All established governments have agencies responsible for offensive cyber surveillance to help keep us safe. Organizations like the NSA stockpile information about commercial software vulnerabilities that it can use for spying, and develops code for sophisticated cyber weapons. Unfortunately, as revealed by a recent New York Time article, these organizations aren’t always able to keep their sophisticated tools safe from cyber hackers. The underlying problem here is our government is inadvertently fueling the cyber-crime market with nation-state-level hacking tools which increases our chances of being personally hacked.

If this sounds more than a little frightening, it should.

Essentially, the NSA – an entity that has back doors into nearly every major ISP, social media network, and technology provider – has had its own tools used against it. What makes the August 2016 breach by an organization called “The Shadow Brokers” particularly significant is that the hackers didn’t just steal information as they have in the past with Equifax, Uber, Yahoo, etc., – they stole tools. Not only will The Shadow Brokers use these tools to carry out their own activities, they likely will sell these government-made, virtually undetectable hacking programs on the Dark Web to other criminals, further increasing incidences of cyber crime.

Let that sink in for just a second. The NSA is a very sophisticated entity that has been successful in waging cyber warfare against nation states. However, despite the national-level resources at its disposal, this criminal group was able to reverse engineer its methods and deploy some of its own code in executing a significant ransomware attack. More than a year into the investigation of The Shadow Brokers breach, NSA’s counterintelligence team still doesn’t know how the information was obtained – a hack, a leak, or both.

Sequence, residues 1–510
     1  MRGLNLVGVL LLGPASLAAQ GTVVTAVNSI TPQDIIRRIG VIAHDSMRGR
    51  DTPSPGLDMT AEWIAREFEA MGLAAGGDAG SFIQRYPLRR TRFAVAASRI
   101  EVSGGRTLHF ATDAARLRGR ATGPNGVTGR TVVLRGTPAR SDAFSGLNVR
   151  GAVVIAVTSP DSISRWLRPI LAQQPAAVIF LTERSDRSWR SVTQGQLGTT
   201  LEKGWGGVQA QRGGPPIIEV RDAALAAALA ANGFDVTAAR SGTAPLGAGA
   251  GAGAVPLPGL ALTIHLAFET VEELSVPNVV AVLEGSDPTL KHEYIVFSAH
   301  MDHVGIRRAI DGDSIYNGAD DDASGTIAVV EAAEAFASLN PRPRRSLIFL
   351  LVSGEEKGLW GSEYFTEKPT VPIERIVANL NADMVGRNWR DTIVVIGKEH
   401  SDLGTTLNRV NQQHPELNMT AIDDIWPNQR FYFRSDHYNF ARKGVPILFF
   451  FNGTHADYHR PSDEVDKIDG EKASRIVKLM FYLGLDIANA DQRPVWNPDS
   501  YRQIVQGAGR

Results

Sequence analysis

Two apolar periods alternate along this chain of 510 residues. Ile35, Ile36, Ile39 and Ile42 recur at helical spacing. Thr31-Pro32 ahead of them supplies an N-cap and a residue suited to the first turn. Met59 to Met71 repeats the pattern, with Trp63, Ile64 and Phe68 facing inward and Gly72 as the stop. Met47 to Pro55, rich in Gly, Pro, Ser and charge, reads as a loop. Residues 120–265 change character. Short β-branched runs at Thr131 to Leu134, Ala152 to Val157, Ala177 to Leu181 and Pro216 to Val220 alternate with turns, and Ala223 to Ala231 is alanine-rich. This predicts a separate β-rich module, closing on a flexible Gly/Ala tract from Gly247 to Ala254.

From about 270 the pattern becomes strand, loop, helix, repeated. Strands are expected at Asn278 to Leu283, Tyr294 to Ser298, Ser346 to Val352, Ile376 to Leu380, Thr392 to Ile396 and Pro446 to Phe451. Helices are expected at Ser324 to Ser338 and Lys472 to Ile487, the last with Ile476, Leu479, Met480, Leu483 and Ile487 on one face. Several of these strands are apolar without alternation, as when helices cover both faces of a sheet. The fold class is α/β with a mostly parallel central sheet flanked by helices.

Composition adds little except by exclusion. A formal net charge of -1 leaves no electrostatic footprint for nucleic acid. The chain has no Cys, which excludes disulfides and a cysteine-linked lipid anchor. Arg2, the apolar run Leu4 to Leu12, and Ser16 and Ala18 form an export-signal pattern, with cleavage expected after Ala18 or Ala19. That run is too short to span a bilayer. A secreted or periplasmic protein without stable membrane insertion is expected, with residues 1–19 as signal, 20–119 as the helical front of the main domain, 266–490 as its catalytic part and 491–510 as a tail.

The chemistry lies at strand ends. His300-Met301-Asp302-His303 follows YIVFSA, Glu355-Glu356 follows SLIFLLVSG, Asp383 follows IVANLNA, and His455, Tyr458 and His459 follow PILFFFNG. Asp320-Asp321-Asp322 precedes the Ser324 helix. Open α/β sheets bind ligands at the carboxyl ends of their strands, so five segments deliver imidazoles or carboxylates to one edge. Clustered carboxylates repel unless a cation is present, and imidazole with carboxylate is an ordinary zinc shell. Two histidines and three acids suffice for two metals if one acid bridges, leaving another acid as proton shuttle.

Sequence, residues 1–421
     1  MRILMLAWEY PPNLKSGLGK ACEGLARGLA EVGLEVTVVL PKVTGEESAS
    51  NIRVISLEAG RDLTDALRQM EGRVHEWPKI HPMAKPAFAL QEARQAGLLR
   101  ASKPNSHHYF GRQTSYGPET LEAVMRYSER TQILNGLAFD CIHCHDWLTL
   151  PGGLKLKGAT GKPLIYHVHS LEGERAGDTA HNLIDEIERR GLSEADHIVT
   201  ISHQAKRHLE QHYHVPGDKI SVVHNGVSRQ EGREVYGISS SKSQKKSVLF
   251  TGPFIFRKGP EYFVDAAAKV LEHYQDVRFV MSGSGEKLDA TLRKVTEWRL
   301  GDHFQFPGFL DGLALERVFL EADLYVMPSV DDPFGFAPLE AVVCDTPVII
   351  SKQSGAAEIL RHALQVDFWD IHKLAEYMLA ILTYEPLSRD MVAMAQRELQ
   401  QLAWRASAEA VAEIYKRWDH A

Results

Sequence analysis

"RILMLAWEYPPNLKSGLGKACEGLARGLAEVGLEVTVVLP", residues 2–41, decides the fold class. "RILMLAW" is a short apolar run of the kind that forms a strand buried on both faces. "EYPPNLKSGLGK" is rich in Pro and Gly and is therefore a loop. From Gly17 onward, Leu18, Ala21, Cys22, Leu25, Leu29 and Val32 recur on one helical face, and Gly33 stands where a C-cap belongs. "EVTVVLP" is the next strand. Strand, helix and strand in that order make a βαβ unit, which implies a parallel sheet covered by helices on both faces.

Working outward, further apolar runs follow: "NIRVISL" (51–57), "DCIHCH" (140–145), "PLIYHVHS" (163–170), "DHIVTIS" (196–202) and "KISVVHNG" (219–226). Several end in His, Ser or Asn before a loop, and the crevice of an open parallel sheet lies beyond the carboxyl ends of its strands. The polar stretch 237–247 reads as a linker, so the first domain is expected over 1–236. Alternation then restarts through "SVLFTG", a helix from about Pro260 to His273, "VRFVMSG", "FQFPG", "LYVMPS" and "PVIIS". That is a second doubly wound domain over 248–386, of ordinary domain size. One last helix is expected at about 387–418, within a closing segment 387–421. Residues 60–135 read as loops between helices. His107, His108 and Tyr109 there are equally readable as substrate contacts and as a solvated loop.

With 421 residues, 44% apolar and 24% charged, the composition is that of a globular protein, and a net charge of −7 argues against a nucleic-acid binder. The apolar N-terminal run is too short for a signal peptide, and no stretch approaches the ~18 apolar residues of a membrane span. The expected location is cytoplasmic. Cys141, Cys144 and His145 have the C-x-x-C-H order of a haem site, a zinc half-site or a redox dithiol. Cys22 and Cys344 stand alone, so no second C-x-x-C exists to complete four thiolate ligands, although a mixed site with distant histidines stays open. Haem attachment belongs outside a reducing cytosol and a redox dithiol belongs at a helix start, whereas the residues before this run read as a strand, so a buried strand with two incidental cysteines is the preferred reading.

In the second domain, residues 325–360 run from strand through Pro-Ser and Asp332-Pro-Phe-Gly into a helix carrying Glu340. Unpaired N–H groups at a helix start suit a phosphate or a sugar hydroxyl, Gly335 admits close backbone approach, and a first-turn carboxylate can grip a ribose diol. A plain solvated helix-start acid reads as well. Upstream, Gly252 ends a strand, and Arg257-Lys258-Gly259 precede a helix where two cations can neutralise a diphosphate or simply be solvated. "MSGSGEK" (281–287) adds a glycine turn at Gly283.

What does this mean for individuals? We should expect that cyber attacks on individuals will become more and more sophisticated. More cyber criminals will be able to infiltrate individuals’ devices, accounts and communications to collect the information they need to impersonate and deceive in very convincing ways. Unfortunately, most individuals have little to no cyber security measures in place.  John Oliver said it best in his interview with Ed Snowden, “I’m not going to do it because it sounds hard even though I know it isn’t.” This situation makes it “easy pickings” for cyber criminals and organized crime networks.

As an increasingly common example, imagine you are buying a home, preparing to wire transfer funds and liaising with escrow agents, brokers or financial advisors over email. If that communication chain is intercepted, or any email account is compromised, cyber criminals can switch out the banking details with their own and direct payment to themselves.

The key takeaway is that individuals can’t depend on their governments or corporations collecting our data (e.g., Equifax) for protection from cyber crime. We all must take some personal responsibility to protect ourselves and the greater good. Steps to take include:

  • Practicing basic data hygiene. Everyone says it, but update your passwords frequently. If you’re relying on a longstanding password for your primary email or bank account, chances are close to 100% that it has been compromised in one of the many breaches over the past several years. Those odds go up if you’ve used the same password for multiple services. Update them soon and often. As a challenge, call us and we’ll see if we can find your password in a few “low hanging” spots.
  • Using two-step verification for your all services that offer this option.
  • Securing your communications. Use a VPN to encrypt your data so you’re not relying on the security protocols of the sites with which you interact.
  • Backing up your devices. Criminal attempts to hold your data for ransom will fail if you always have a copy of your information.
  • Configuring your devices for remote wipe. If a device is stolen or lost, you can delete the data before criminals can access it.
  • Networking monitoring. Use a 3rd party service that actively scans for threats, reduces vulnerabilities, and looks for anomalies in your data usage which could indicate a potential compromise like phishing links, entering passwords on insecure sites, or malware.

Rubica is at the forefront of individual cyber security, not only providing software, but a 24/7 team of cyber analysts that monitor, protect and provide answers to personal security questions. If you’d like more information about how Rubica can help you lock down your personal cyber security, please contact us below.